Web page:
Berkshire Hathaway’s (NYSE:BRK.A) locomotive division, BNSF Railway, one of the world’s biggest consumers of diesel, confirmed Wednesday that it will undergo a pilot this year where its freight trains will use natural gas rather than diesel.
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It’s a move BNSF Railway CEO Matthew Rose said will allow the company to evaluate the “technical and economic viability” of natural gas, which he said could serve to lower locomotive fuel costs.
“The use of liquefied natural gas as an alternative fuel is a potential transformational change for our railroad and for our industry," Rose said.
BNSF has been working with locomotive manufacturers General Electric (NYSE:GE) and Caterpillar’s (NYSE:CAT) EMD unit to develop the natural gas engine technology that will be used for the pilot.
The company still has to overcome technical and regulatory challenges, however Rose said the pilot nevertheless marks an important step in the transition to liquefied natural gas in through-freight service, potentially reducing fuel costs and greenhouse gases.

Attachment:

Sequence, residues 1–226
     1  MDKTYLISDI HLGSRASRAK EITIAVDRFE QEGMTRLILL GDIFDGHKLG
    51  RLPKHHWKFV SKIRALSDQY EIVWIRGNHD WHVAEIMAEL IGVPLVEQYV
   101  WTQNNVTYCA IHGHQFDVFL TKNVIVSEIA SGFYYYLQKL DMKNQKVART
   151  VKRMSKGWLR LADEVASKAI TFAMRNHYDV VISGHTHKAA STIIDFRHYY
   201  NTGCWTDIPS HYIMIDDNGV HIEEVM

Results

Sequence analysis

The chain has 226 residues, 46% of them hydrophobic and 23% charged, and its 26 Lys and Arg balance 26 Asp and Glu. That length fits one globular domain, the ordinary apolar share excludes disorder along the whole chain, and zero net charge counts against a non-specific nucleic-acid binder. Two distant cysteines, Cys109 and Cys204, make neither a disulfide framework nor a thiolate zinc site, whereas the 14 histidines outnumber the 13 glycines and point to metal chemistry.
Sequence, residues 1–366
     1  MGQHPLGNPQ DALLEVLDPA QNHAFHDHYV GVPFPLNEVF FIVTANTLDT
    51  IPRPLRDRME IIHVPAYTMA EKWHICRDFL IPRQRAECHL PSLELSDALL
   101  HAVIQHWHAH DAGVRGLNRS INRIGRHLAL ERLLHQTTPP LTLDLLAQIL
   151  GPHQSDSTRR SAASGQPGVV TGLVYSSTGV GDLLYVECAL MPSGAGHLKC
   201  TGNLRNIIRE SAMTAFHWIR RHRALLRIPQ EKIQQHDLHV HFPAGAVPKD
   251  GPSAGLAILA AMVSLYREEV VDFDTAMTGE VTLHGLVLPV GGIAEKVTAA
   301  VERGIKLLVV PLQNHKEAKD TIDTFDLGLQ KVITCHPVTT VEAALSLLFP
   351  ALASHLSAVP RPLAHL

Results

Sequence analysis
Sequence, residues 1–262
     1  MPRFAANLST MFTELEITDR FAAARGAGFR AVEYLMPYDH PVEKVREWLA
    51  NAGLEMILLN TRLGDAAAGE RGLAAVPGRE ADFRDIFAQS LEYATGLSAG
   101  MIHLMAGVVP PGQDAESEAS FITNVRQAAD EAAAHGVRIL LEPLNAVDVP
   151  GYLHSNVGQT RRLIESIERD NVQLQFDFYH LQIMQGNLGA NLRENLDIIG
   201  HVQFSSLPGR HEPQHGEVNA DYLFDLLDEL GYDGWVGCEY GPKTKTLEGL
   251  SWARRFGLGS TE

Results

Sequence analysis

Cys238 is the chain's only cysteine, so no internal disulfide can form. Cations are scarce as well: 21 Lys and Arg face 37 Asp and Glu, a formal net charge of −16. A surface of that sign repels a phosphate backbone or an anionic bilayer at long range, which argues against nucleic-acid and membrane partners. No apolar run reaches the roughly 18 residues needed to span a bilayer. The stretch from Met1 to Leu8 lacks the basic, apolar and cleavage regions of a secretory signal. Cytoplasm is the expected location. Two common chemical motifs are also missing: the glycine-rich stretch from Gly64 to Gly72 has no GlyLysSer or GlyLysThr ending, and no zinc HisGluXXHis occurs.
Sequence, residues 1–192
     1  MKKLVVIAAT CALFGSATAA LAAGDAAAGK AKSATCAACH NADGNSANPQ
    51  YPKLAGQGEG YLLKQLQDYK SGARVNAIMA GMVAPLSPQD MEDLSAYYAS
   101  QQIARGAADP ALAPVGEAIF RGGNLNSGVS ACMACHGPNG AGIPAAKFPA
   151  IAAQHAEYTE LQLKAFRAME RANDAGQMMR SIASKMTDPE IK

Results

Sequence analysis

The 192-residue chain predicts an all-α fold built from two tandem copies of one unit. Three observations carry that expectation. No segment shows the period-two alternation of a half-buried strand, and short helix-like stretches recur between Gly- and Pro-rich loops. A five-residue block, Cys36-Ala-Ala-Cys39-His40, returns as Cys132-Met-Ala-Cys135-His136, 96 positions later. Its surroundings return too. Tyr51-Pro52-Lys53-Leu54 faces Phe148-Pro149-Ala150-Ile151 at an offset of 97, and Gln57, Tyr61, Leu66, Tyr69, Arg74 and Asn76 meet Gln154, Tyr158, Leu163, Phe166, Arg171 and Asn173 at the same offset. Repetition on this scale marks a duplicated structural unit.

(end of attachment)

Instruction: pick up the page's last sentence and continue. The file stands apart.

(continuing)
Oil has long been the primary source of fuel for jets and trains, yet the switch by BNSF may serve to lower diesel’s dominance in transportation. Improved technologies have boosted gas reserves, lowering the price of gas and making it a much more fiscally attractive compared with its costly oil counterpart.
BNSF, a division of Warren Buffett’s Berkshire Hathaway, plans to pilot the use of gas to operate its massive portfolio of freight locomotives, responsible for shipping anything from Boeing (NYSE:BA) aircraft parts to crude oil.
In an interview with The Wall Street Journal, Rose said the freight train sector has not seen such a historic transition since it shifted from stream engines.